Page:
A Yahoo staffer noted this recently… Barack Obama, or more likely his campaign team, has established a flickr photo feed to cover his campaign for the U.S. presidency. Here, he announces his candidacy to the residents of Springfield, Illinois — poetically associating himself with Abraham Lincoln.
I suspect of all the presidential aspirants, he will be covered most extensively by user-generated content and various social media systems.
An intimate sell-out crowd gathered tonight at The Independent in San Francisco to hear virtuoso acoustic guitar duo Rodrigo y Gabriela perform. Most of us heard about them the same way… some radio airplay on KFOG or word-of-mouth supported by audio and video snippets on YouTube and MySpace. Social media clearly helps new ideas spread fast with minimal advertising spend, especially when it concerns music.
My personal highlight from tonights performance had to be the guitar duo’s rendition of Dave Brubeck’s Take Five. RodGab, as they label themselves for short, will go far. Thanks to social media, even a middle-ager like myself, unconnected to the latest in music, quickly recognized their talents.
Finally, this weekend I had a chance to try out Flickr’s relatively new geo-tagging feature, using images taken on a recent visit to the Grand Canyon in Arizona. I could zoom-in to specific satellite views of the canyon, and place photos from my trip onto specific segments of hiking trails visible in the satellite map imagery. Despite the high number of photos already available for the Grand Canyon region, I applied the world’s first Flickr geo-tags for photos of the Indian Gardens and Plateau Point, both well-known hiking destinations accessed via the Bright Angel Trail below the South Rim. In a modest sense, I felt the joy of a pioneer :-).
Flickr geo-tagging is a fascinating social media user-experience for both the content tagger and the viewing audience. Andy Laakmann, founder of Webshots, actually discussed a very similar notion around the year 2000. But at that time, sateliite-image enhanced maps were not readily available, nor were the rich browser UI capabilities and mapping mash-up API’s that enable a compelling no-install user experience.
All goes to illustrate that every good idea has a proper place and time. Flickr turned out to be the right place, and August 28, 2006 the right time. For the curious mind, this approach surly beats spinning a plastic globe and flipping through textbooks. Variants of the Flickr geo-tagging experience could be of great value for identifying lodging and dining options, submitted either by the user community or advertisers, preferably an orderly combination of both.
Spending this early Sunday morning catching up with blog activity from various former colleagues. Especially like thoughtful posts from Adam Wolff, Narendra Rocherolle and Raj Kapoor – all gifted digerati actively grappling with the future of software. They comment on aspects of Web 2.0 that many find befuddling. Why is this important? How does it make money? What is the basis of recent valuations of acquired applications?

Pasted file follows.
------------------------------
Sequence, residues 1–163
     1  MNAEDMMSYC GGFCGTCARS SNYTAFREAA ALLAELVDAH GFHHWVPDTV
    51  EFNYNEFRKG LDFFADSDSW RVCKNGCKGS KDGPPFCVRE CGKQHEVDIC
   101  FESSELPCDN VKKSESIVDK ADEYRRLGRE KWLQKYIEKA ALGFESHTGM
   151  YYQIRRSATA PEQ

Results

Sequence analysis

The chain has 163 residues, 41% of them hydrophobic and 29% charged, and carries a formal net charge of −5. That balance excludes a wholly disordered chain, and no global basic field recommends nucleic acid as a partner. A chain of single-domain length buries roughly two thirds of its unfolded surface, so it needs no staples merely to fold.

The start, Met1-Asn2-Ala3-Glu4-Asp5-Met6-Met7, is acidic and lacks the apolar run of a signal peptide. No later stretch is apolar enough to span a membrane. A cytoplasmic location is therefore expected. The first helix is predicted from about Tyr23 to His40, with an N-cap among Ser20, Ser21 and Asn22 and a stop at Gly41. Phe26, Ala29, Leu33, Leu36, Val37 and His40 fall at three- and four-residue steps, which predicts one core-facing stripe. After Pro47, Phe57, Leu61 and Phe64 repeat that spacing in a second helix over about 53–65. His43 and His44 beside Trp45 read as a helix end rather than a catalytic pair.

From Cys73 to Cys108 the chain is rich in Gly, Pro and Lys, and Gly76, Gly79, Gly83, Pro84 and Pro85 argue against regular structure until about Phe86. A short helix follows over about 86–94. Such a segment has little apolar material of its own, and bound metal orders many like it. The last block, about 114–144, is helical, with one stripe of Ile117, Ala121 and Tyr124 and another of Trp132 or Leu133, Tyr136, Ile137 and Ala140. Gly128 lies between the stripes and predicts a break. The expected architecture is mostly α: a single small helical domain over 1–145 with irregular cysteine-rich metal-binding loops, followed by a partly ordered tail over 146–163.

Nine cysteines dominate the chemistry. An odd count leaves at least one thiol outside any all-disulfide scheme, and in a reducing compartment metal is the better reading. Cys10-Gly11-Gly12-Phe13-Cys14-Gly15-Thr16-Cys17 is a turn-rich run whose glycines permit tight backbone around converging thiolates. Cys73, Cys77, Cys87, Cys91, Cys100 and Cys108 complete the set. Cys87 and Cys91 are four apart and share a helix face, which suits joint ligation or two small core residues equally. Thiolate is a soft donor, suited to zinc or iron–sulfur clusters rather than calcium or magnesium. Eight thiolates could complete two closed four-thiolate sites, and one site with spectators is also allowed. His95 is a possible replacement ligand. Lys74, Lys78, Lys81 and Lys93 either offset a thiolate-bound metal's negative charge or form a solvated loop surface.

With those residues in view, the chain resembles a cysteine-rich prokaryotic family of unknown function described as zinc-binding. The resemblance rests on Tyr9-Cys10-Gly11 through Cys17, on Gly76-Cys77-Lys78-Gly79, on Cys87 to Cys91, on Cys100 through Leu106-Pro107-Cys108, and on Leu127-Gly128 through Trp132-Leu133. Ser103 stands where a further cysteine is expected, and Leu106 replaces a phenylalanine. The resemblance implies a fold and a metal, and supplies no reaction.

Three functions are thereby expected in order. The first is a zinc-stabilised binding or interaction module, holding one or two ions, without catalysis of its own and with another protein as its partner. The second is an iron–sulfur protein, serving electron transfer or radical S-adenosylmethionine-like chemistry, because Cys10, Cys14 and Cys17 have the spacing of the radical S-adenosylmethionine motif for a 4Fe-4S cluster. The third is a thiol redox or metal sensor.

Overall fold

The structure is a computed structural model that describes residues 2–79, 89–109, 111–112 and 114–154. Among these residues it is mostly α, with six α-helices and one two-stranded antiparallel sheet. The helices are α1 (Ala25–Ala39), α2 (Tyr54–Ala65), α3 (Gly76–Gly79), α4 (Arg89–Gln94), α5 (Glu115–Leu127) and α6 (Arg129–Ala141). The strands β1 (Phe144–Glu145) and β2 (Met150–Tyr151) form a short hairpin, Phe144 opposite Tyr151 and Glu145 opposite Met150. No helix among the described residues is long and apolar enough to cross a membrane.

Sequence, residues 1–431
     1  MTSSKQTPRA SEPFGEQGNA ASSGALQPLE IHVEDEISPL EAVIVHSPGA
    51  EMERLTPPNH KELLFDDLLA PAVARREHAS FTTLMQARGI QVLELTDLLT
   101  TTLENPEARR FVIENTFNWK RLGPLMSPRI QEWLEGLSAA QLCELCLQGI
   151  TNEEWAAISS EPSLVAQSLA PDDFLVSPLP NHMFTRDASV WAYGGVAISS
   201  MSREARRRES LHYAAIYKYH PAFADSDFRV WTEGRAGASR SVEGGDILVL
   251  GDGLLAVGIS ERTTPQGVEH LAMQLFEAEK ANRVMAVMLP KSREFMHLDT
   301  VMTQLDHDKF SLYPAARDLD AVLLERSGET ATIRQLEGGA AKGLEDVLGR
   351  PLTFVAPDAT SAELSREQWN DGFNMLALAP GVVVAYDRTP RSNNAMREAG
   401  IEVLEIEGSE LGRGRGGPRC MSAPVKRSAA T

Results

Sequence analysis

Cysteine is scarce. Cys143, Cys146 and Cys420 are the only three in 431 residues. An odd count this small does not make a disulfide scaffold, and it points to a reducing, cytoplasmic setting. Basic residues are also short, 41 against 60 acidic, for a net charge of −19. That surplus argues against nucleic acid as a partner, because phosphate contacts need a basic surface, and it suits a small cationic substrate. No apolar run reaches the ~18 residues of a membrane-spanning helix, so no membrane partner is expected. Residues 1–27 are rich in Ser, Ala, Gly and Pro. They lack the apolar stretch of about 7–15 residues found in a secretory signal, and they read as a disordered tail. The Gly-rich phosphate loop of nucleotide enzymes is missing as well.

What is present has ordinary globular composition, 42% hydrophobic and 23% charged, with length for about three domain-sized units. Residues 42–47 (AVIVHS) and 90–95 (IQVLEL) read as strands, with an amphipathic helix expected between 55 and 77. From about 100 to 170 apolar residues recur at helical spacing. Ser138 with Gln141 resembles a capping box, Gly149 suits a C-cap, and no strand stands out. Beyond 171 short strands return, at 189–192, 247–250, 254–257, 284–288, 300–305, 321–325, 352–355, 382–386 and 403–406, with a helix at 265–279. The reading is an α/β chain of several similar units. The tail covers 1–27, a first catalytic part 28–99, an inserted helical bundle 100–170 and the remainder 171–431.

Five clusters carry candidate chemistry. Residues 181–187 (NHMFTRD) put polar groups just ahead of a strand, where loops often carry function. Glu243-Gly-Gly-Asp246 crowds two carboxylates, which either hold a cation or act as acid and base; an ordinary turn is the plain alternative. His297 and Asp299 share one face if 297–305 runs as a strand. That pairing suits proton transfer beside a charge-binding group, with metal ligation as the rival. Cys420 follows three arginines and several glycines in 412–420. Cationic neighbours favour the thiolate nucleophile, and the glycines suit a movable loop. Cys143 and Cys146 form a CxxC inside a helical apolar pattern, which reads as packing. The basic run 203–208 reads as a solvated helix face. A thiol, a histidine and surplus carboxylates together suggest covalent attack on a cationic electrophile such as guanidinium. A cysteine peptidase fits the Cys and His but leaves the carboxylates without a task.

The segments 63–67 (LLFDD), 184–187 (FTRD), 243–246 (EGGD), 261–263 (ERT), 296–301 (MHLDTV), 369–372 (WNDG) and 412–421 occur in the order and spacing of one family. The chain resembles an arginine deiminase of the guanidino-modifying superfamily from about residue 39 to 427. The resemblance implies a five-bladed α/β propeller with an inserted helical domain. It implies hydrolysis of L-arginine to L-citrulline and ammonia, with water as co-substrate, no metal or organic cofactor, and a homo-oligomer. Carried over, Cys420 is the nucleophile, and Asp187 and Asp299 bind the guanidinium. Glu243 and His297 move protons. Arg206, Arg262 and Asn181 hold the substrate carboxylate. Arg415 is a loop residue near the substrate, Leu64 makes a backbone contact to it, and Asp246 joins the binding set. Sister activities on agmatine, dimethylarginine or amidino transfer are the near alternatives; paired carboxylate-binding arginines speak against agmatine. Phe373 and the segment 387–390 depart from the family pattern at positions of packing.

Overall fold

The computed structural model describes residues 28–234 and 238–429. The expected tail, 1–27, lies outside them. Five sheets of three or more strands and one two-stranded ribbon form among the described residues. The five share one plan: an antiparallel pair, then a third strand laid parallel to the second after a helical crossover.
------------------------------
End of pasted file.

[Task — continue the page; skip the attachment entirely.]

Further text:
The new services seem destined to be free, and to generate economic value only as potential ad media placements or as acquisitions. Presumably, all those teenagers and young adults reveal enough via their open communications for marketers to instigate a stampede to various products and services. And the economic opportunity appears confined to serving the young audience, because older generations do not adopt these Web 2.0 services in sufficiently large numbers to support significant advertising business models.
This process of influence, imitation and inspiration may bedevil the those who despair at the future of copyright but is heartening to connoisseurs of classical music. Peter Robles, a composer who also manages classical musicians, points out that the process of online dissemination — players watching one another’s videos, recording their own — multiplies the channels by which musical innovation has always circulated. Baroque music, after all, was meant to be performed and enjoyed in private rooms, at close range, where others could observe the musicians’ technique. “That’s how people learned how to play Bach,” Mr. Robles said. “The music wasn’t written down. You just picked it up from other musicians.”
At a moment in pop history when it seems to take a phalanx of staff — producers, stylists, promoters, handlers, agents — to make a music star, I asked Mr. Lim about the huge response to the video he had made in his bedroom. What did he make of the tens of thousands of YouTube commenters, most of whom treat him as though he’s the second coming of Jimi Hendrix? Mr. Lim wrote back quickly. “Some said my vibrato is quite sloppy,” he replied. “And I agree that so these days I’m doing my best to improve my vibrato skill.”
A complete chain of digital media creation, publication and appreciation technologies have at last been made accessible to non-specialists, to stunning effect. Do those enjoying the fruits of the Internet revolution fully appreciate how fortunate they are?
Tourists and locals alike can appreciate the rarity of this moment captured in a photo. Baker Beach in San Francisco is warm enough for shorts, and the horizon is sufficiently clear to allow a setting sun to cast a warm glow on happy faces. The norm is coastal fog, wind and sub-60 temperatures by this time of day.